The same questions many churches are asking about Wednesday evening programming were asked about Sunday evening programming not that long ago.  I see very few churches in our city pushing a traditional Sunday evening service schedule. While some do (and it works for them), most are going to home groups, special events, committee meetings, or simply nothing on Sunday evenings. 

One pastor I know says that the sign of a dying church is when they cancel Sunday night services. Try as he may to prove that statement correct, many churches have proven that wrong. Ultimately, a calendared event is not the sign of a healthy, growing church.

But, what about Wednesday?

I do believe there is validity in having a mid-week gathering for Bible Study, fellowship and other things for the local church. However, those gatherings do not have to be large group settings. They also do not have to happen in a church's facility. For student ministry, a mid-week worship service or Bible teaching time is great. In fact, many teenagers may connect mid-week where they would never on an early Sunday morning. Yet, just because a youth service gathered 100 students ten years ago does not mean it will today. That is true for all ministries. As long as we are organized and structured to do what worked a decade or two ago, we will continue to develop ministry strategies designed to reach people that existed a decade or two ago.

With the growth of church plants and churches who rent space in schools and other locations on weekends, the idea of a mid-week gathering at a church building is not an option.

WEDNESDAY IS NOT REALLY A CHURCH DAY

We categorize church days as those when the church meets for worship and gathers together. For the vast majority of us, that day is Sunday. Though, with changing schedules and church space issues, some churches have "church day" on Saturday or another day of the week.

When speaking of Wednesday as a "church day" it hearkens back to an era when even those not in church agreed that church activities (mostly children and youth activities) were on Wednesdays and should be. Therefore, nothing else would be scheduled to compete with that.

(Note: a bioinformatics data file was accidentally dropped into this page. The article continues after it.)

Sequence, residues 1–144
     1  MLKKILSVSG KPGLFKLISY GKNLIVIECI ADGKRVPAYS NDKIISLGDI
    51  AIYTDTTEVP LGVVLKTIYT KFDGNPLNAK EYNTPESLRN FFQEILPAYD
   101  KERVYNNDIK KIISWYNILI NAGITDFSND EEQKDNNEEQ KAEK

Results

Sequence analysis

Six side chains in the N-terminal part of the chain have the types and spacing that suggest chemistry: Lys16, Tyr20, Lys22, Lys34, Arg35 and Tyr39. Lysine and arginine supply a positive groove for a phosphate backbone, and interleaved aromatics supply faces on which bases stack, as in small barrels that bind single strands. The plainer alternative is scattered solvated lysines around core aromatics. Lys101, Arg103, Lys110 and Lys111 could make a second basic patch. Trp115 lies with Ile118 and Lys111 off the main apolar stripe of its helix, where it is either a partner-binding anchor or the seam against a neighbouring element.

Those days are gone.

Perhaps church leaders should put Wednesdays on the table for evaluation and have honest discussions regarding the mid-week schedule? I am not advocating the cancellation of Wednesday activities. However, I am advocating an honest discussion on the viability of such mid-week gatherings. If a church holds Wednesday services solely because it always has...that's the making of a sacred cow at worst, or a frustrating ministry at the least.

BUT, WHAT DOES THE BIBLE SAY?

Once you start talking about ministries, programs, and schedules in church, people get really concerned. The good thing about such concern is it often pushes church members to the point of asking questions that were never addressed prior. Questions like "Why?"

Does the Bible say that we need to gather together as a church? Does the Bible say that we need to do that twice on Sunday and again on Wednesday? What does it say?

The writer of Hebrews gives us this information that should be taken to heart when considering the need for corporate worship and the gathering together of the church.

And let us consider how to stir up one another to love and good works, not neglecting to meet together, as is the habit of some, but encouraging one another, and all the more as you see the Day drawing near. - Hebrews 10:24-25 ESV

The Christian should not be seeking ways to NOT gather together and meet as the church. The Hebrew writer makes this clear. There is value and power when two or more are gathered in Christ's name. As Christians, we do need each other and there is much value in coming together for worship, fellowship, study, and prayer. In fact, these should be non-negotiable.

There are numerous examples of the church gathered throughout the New Testament. In fact, each letter of Paul written to a church was to be read to the people as they were gathered, which was considered normative and expected.

In the book of Acts, we see a snapshot of one of these gatherings with Paul

On the first day of the week, when we were gathered together to break bread, Paul talked with them, intending to depart on the next day, and he prolonged his speech until midnight. - Acts 20:7 ESV

Therefore, the question is not "Should the church gather often?" That answer is a resounding YES and the Bible speaks of that. In a culture where interconnectedness occurs in various ways through personal interaction (still the best) and through telephone, texting, social media, etc. there is even more need for the church to be connected. Yet, the question must be asked by each church regarding weekly schedules.

Oh, and just because you ask "Should we meet on Wednesdays?" does not mean the answer must be NO. In fact, for many churches the very best time to connect during the week with fellow Christians and community members remains Wednesday evenings. Just don't allow the long-held traditions of what Wednesday church has been become a "sacred cow" and leave you perpetuating a broken model that does not help make disciples or engage an unsaved world.

Oh, and don't be that church that looks down on other churches for having the gall to change the weekly schedule. That's how Pharisees are made.